How to Handle Subscription Cancellations
Similar to the auto-renewal disclosure, you must provide your customers a simple way of cancelling the subscription. Though, it is not to say that the cancellation must be right away. After all, the cell phone industry has trained consumers to expect two-year contract terms, but the standard seems to be a monthly subscription with the ability to cancel at any time before the anniversary date. There is usually some incentive or discount price for signing up for a year or three plus months in advance. Loot Crate utilizes this multi-tier plan:
Pricing Error Procedures
Mistakes happen. Big to small retailers make mistakes caused by a numerous different reasons related to pricing errors. Though such intentional errors may give rise to a bait and switch from the FTC, companies are not necessarily forced to accept the incorrect price when it is in the customer’s favor.
With subscription-based box businesses with variable prices for product in each box, the customer’s credit card is charged automatically before shipment. What happens if the customer chose items that were under-priced mistakenly? A provision dealing with this issue in your terms and conditions can make it clear that you are able to cancel and refund the order in such case. The provision is a fail-safe to the common law contract rule of unilateral mistake of fact that in some cases allows the party making the mistake to void a contract.
Do not think you are immune to these kinds of mistakes. The cause could be technical, typo, or even a miscalculation on margin. Every business, including yours will have one of those crazy customers that could make a pricing error a significant ordeal. Think about the Harvard law professor who fought with a restaurant over a $4 discrepancy in his bill.
Delayed, Lost or Damaged Shipment
Who is responsible if a shipped good becomes delayed, lost, or damaged? The risk of loss for shipping is typically a negotiated term between buyer and seller in commercial transactions, but in consumer transactions, the default is to pass on the risk to the common carrier (USPS, UPS, FedEx, etc.). In order to do so, however, such provisions of the terms and conditions must specify that the risk of loss is transferred to Buyer upon delivery to the common carrier and not the default for merchants, i.e. delivery to the Buyer. Despite even having such a provision, many sites take on the loss anyway and reship items accordingly. To protect yourself from fraudulent customers, make sure you track and possibly insure against.
If you are in business long enough, you will have lost, delayed, damaged, and stolen packages.
Refunds, Exchanges, Returns
Unless the goods or service is defective somehow, there is no general requirement for your business to require returns in most jurisdictions; however, consumers have come to expect some kind of return policy. Well defined return policies should be set forth clearly.
Some subscription-based box businesses do not allow any returns. In this case, it would be prudent to make it clear at checkout that sales are final due to the common expectation of most consumers.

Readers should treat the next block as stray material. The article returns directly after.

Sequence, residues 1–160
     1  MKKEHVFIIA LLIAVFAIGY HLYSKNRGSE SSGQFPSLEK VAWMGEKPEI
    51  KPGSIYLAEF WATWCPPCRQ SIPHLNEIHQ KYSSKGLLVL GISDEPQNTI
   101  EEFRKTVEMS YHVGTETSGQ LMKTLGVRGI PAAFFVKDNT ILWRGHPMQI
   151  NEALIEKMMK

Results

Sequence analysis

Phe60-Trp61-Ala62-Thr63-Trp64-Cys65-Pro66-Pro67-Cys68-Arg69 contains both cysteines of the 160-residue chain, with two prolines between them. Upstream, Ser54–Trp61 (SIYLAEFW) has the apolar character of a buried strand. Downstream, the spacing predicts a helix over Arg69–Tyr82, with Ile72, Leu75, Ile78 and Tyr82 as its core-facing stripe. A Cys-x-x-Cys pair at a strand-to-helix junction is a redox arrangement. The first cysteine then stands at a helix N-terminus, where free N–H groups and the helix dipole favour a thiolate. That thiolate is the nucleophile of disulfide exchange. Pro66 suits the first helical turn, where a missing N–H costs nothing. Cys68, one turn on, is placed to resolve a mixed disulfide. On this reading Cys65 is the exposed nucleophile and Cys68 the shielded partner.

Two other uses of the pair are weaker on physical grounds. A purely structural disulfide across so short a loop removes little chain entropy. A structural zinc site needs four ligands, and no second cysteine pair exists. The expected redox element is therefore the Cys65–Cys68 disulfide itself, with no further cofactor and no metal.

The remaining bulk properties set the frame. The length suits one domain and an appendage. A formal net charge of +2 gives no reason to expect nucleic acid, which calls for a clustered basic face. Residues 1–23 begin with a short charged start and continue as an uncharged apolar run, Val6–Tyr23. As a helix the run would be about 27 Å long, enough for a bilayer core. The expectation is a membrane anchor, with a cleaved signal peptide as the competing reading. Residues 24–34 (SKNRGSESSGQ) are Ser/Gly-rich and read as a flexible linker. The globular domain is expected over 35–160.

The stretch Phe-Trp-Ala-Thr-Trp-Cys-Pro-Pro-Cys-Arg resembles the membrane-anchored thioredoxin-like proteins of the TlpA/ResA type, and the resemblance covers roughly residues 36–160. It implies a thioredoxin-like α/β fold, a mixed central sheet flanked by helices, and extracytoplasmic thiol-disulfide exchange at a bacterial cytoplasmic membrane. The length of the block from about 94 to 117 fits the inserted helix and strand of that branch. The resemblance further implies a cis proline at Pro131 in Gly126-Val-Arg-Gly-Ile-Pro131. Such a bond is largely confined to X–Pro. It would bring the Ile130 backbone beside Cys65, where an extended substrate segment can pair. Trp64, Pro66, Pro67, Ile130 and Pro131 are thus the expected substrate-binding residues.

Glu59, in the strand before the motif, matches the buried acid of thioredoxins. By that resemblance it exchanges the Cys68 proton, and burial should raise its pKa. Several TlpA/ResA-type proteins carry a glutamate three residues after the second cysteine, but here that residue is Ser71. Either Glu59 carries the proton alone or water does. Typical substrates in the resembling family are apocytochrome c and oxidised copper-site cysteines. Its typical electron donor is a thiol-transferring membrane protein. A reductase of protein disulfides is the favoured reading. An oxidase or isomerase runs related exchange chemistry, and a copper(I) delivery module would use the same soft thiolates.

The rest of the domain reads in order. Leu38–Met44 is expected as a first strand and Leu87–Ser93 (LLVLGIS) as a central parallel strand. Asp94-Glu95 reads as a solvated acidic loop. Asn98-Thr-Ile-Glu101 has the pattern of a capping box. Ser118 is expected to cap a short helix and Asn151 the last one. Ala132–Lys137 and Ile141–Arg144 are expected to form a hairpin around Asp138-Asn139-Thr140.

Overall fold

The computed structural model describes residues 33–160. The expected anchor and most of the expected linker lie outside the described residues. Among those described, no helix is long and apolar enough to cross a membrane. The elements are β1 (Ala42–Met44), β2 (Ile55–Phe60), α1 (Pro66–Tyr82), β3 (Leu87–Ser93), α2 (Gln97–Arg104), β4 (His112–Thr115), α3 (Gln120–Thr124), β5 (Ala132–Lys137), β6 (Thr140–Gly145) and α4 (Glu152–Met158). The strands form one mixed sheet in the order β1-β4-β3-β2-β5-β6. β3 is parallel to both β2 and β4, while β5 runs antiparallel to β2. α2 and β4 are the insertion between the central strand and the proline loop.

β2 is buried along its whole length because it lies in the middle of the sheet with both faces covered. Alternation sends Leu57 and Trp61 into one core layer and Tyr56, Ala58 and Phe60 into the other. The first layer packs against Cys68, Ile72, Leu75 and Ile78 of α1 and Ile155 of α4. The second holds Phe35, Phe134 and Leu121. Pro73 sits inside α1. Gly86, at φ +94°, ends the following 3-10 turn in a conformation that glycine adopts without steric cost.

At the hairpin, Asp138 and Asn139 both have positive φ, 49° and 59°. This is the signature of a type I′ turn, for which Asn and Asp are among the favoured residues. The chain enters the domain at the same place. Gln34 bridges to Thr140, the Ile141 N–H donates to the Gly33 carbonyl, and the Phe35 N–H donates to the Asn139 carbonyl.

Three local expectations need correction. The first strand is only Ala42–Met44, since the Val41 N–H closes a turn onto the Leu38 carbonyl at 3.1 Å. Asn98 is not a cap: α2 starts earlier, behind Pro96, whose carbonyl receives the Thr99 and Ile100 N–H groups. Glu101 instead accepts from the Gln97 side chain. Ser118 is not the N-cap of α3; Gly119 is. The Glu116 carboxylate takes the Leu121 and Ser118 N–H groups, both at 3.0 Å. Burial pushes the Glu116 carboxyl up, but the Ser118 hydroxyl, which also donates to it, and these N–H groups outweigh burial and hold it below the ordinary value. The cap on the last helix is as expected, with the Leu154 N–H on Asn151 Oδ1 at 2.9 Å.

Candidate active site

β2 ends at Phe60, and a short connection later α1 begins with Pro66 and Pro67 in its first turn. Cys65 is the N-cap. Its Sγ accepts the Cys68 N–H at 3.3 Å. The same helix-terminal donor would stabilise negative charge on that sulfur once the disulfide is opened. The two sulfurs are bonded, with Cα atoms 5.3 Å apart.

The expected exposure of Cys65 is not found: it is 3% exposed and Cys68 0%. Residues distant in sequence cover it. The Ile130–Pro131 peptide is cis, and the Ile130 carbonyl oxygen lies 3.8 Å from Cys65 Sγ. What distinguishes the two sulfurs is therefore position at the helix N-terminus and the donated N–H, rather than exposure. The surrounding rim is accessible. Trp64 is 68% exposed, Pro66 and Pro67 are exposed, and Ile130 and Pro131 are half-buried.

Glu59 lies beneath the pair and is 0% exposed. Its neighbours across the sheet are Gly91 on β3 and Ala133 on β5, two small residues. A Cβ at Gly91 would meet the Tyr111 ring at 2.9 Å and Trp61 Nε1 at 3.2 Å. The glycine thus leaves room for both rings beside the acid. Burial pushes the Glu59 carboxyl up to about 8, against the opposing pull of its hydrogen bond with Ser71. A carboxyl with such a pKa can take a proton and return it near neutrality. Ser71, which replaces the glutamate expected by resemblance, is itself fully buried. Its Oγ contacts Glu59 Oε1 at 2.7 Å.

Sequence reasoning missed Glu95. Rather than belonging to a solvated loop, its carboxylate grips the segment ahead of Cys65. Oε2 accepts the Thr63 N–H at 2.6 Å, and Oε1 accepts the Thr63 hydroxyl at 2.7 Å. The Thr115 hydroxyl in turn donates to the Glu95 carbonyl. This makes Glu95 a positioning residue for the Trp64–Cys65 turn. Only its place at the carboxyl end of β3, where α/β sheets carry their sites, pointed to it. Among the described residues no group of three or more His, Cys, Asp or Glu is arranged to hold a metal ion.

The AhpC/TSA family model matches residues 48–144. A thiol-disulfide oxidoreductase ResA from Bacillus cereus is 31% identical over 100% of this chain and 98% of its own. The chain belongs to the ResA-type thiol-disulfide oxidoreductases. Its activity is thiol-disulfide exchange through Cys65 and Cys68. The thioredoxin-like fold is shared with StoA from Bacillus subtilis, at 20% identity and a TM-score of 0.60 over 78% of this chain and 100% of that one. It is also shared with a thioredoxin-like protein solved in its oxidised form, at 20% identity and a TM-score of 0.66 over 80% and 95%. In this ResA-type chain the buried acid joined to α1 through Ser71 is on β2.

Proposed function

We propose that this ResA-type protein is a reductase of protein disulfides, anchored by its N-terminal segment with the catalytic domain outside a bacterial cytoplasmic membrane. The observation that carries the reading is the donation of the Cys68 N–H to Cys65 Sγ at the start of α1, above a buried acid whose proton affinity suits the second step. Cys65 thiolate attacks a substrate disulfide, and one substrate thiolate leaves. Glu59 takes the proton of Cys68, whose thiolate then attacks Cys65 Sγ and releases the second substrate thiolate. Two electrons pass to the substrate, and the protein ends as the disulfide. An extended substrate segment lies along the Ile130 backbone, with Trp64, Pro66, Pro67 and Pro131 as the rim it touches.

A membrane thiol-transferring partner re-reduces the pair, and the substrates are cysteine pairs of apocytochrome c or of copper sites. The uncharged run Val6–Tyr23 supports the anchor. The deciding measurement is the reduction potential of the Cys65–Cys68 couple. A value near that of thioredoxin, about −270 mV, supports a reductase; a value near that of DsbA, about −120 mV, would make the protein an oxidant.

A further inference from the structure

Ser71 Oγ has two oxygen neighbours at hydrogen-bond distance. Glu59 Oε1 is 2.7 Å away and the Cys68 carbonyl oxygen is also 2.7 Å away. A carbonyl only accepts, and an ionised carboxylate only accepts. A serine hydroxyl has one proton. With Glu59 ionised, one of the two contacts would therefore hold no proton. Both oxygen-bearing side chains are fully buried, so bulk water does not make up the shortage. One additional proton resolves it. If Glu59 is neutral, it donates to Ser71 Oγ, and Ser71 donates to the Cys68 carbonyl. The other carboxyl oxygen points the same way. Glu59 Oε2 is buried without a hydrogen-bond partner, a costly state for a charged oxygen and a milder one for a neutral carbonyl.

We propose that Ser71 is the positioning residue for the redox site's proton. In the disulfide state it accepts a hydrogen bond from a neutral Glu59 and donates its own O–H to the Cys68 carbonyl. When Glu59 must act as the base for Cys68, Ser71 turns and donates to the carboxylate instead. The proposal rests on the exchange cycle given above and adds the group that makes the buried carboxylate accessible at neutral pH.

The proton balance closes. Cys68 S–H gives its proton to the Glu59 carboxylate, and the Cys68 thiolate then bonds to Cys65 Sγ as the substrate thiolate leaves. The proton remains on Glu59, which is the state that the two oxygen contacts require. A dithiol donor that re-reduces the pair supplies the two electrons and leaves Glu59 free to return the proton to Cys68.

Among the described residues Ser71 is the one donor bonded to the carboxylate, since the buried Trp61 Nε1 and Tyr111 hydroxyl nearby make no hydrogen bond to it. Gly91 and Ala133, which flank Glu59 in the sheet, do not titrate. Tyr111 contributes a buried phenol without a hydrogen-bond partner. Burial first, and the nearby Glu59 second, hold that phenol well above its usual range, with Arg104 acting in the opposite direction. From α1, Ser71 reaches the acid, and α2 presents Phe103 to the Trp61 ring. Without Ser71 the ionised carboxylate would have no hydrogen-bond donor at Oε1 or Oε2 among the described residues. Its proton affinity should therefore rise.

Your customer may have the ability to order multiple quantities of the same product. If they get a little savvy and want to resell a large amount of that great deal you curated for them, you will want to have the right to limit the quantity of the sale. You do not necessarily need a provision preventing this since you can have control on the technical side of your online store in controlling quantity orders.
Disclaimers of Warranty
When selling any goods, whether as a manufacturer or reseller, there are some warranties that automatically come with the sale, e.g. the product will be free from design defects.
On the other hand, some representations or statements you may make in relation to the sale may create additional warranties, e.g., this blender has 27,000 RPM.
Express and implied warranties are promises made by you that either need to be fulfilled or disclaimed. The problem is that not all warranties may be disclaimed.
For example, most states will not allow you to disclaim a product by selling it “as is” in the same manner that you would sell a product on eBay “as is.” The law will, for example, allow you to modify or disclaim the implied warranty of fitness.
FAQ Legal Effect
Due to the still new nature of the subscription box business, many sites include a FAQ outlining in laymen terms how the subscription works. Creating clear expectations between the parties are of utmost importance, especially when dealing with consumers.
The concern of the FAQ is what if there is a conflict between a statement in the FAQ and a provision of the terms and conditions. Under normal circumstances, the terms and conditions would contain a “merger clause” that would state that the terms and conditions are the only terms that govern the sale.
Unfortunately, it may not be as simple as that. Even if a court would determine that the FAQ is not a part of the legal agreement, there is no doubt that the FAQ is a part of your marketing and advertising. If such conflict does exist, it could be suggested that you misrepresented your product or service.